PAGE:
A Canadian-born actress’s account of how she survived—and then left—an impoverished and dysfunctional family.
When Williams was 24 years old, she decided to leave her hard-luck family to follow her dream of becoming an actress. But on the day of her departure, she discovered that her brother Randy had killed himself with a shotgun. In a narrative that moves between the events surrounding the aftermath of that death and her past, Williams tells the story of her troubled family. Her mother, Simone, was a trade school dropout who exchanged “a future vocation for immediate affection” with Jack, a hard-living, hard-drinking man who worked primarily as a logger and occasional day laborer. Throughout the author’s childhood and adolescence, the couple moved more than 25 times and had more children than they could afford. Over time, Jack took to living part-time with the family, causing even more instability. Poverty and injustice dogged them at every step as the relationship between Williams’ parents deteriorated and a desperate—and desperately unhappy—Simone tried to commit suicide. The one person in the family who seemed most affected by their problems was her sensitive, musically gifted brother Randy, who began hearing voices and cutting himself in his late teens. Though Williams herself showed musical promise as a singer, she dropped out of high school believing that “the [only] way to get ahead was to get to work.” However, her involvement in community theater brought her an opportunity to study drama at a theater school. Part of what makes this book so compelling is the tragic mirroring Williams depicts between herself and her brother, both of whom found liberation from their family but in radically different ways. Searingly honest, the book is a testimony to one woman’s resilience and ability to love in the face of unimaginable hardship.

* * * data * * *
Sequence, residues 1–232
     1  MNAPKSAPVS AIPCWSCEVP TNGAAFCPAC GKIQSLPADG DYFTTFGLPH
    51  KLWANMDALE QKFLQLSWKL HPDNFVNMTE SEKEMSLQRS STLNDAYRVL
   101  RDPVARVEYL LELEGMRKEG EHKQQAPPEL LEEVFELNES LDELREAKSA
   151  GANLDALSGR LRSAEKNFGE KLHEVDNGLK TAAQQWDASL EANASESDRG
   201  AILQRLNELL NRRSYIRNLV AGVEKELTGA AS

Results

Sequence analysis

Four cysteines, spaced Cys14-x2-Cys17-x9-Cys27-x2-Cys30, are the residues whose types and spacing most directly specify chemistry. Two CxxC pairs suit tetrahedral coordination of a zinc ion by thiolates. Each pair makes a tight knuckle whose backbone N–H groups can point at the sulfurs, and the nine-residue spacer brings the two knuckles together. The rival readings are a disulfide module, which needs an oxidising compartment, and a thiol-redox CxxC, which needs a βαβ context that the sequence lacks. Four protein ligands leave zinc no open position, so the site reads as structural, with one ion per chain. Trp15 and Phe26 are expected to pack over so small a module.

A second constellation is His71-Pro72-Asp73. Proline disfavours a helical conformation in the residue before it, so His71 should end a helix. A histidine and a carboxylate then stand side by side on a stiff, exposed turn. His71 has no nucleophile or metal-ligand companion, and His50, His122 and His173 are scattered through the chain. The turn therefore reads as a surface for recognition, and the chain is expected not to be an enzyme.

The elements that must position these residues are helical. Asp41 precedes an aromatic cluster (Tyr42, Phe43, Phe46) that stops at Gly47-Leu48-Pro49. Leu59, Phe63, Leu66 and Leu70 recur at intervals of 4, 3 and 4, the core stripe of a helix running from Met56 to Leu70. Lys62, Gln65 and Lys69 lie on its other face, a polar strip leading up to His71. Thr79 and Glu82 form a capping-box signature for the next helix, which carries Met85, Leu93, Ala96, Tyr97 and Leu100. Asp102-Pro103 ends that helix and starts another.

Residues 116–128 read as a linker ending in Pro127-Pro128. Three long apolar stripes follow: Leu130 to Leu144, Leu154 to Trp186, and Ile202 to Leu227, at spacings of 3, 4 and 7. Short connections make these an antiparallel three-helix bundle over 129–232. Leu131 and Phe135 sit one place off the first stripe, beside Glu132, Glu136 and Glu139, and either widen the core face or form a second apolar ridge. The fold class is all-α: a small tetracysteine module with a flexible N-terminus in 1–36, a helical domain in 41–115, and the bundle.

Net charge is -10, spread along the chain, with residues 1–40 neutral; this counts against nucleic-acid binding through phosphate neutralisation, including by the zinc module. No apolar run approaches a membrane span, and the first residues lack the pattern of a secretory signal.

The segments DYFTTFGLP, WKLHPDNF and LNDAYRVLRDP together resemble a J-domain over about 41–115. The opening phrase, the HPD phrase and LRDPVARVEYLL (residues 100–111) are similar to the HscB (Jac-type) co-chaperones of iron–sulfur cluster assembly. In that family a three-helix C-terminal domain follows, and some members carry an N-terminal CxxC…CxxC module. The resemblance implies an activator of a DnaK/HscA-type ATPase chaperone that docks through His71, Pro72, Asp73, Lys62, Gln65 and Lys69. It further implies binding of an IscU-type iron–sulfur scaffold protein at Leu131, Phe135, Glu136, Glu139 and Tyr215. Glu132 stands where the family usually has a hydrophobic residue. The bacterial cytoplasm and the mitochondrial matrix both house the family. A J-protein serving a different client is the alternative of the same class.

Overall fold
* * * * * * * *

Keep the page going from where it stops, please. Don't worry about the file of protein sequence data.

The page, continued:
An unsentimentally candid memoir of hope and determination.